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Kuziel, W.A. et al. Severe reduction in leukocyte adhesion and monocyte extravasation in mice deficient in CC chemokine receptor 2. Proc. Natl. Acad. Sci. USA 94, 12053-12058

Department of Pathology and Laboratory Medicine, University of North Carolina Medical School, 702 Brinkhous-Bullitt Building, Chapel Hill, NC 27599-7525, USA.
Proceedings of the National Academy of Sciences (Impact Factor: 9.81). 10/1997; 94(22):12053-12058. DOI: 10.1073/pnas.94.22.12053
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ABSTRACT CC chemokine receptor 2 (CCR2) is a prominent receptor for the monocyte chemoattractant protein (MCP) group of CC chemokines.
Mice generated by gene targeting to lack CCR2 exhibit normal leukocyte rolling but have a pronounced defect in MCP-1-induced
leukocyte firm adhesion to microvascular endothelium and reduced leukocyte extravasation. Constitutive macrophage trafficking
into the peritoneal cavity was not significantly different between CCR2-deficient and wild-type mice. However, after intraperitoneal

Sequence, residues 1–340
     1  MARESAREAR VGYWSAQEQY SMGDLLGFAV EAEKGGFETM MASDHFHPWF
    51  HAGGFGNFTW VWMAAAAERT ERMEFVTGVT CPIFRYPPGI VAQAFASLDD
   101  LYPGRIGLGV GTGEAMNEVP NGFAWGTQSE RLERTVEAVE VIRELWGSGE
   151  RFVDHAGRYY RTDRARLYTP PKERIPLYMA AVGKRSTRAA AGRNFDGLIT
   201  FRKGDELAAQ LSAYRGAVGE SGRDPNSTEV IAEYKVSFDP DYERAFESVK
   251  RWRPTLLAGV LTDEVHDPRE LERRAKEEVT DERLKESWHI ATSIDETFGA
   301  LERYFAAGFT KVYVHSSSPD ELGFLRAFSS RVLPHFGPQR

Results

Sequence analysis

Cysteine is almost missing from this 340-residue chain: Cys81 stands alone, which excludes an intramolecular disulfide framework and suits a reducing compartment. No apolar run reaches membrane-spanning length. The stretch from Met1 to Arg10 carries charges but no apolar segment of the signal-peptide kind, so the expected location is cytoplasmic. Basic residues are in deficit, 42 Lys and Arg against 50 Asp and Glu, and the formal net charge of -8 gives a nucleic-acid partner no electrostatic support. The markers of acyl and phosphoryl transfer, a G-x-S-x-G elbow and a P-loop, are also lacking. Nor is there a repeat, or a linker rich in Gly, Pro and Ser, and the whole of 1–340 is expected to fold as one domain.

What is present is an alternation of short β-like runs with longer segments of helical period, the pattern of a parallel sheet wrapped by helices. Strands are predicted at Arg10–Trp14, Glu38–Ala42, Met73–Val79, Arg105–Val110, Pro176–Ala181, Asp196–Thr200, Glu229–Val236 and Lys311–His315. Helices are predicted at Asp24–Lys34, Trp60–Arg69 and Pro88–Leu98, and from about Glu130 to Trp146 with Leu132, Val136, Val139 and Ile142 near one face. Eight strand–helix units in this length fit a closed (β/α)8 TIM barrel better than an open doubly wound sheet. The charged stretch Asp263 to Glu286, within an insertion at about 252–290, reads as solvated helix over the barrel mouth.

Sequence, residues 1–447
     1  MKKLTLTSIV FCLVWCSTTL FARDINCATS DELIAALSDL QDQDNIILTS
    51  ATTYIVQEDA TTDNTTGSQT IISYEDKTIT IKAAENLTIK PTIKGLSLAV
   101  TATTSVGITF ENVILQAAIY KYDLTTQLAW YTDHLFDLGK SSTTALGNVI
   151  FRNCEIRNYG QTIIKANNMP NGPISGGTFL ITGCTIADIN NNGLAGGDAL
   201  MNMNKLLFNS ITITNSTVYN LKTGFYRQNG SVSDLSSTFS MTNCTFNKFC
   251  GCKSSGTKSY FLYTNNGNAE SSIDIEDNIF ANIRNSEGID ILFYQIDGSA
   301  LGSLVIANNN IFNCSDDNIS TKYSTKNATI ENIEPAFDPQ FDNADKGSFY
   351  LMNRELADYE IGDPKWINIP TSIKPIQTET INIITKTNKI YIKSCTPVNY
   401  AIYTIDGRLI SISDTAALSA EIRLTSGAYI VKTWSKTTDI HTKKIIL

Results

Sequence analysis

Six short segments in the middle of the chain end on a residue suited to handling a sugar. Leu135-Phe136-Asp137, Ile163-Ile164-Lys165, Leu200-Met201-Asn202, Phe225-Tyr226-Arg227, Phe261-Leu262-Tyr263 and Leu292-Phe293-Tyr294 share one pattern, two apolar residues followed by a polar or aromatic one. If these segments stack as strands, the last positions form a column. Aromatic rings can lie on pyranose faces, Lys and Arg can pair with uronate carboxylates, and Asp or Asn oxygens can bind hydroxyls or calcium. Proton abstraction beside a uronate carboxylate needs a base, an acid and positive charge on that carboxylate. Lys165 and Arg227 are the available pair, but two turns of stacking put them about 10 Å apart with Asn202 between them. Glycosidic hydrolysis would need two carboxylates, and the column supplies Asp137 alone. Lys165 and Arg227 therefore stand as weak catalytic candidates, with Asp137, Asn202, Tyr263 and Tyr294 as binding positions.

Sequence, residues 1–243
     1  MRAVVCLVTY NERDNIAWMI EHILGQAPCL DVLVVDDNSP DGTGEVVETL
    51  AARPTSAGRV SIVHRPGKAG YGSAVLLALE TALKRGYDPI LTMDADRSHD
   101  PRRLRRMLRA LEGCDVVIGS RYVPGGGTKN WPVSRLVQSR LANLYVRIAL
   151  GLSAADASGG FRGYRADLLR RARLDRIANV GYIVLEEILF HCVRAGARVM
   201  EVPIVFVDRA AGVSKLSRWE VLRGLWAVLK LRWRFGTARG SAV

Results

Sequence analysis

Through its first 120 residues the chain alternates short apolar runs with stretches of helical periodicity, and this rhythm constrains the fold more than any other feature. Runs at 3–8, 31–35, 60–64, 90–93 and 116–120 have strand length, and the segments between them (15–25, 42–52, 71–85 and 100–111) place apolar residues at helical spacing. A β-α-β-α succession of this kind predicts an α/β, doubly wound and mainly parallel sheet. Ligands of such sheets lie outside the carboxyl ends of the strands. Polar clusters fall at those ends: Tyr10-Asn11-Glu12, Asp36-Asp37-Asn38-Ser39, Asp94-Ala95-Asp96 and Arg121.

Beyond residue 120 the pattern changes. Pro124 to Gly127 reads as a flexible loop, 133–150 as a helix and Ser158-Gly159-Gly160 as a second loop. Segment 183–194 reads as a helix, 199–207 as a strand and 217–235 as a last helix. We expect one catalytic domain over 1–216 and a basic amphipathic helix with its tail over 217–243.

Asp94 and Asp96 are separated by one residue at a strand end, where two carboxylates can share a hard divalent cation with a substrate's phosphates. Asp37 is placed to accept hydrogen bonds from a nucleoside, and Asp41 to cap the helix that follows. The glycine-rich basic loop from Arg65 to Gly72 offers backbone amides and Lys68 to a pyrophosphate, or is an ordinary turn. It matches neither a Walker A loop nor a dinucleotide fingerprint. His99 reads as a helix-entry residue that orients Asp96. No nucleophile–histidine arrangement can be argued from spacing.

thioglycollate injection, the number of peritoneal macrophages in CCR2-deficient mice did not rise above basal levels, whereas
in wild-type mice the number of macrophages at 36 h was ≈3.5 times the basal level. The CCR2-deficient mice showed enhanced
early accumulation and delayed clearance of neutrophils and eosinophils. However, by 5 days neutrophils and eosinophils in
both CCR2-deficient and wild-type mice had returned to near basal levels, indicating that resolution of this inflammatory
response can occur in the absence of macrophage influx and CCR2-mediated activation of the resident peritoneal macrophages.
After intravenous injection with yeast β-glucan, wild-type mice formed numerous large, well-defined granulomas throughout
the liver parenchyma, whereas CCR2-deficient mice had much fewer and smaller granulomas. These results demonstrate that CCR2
is a major regulator of induced macrophage trafficking in vivo.

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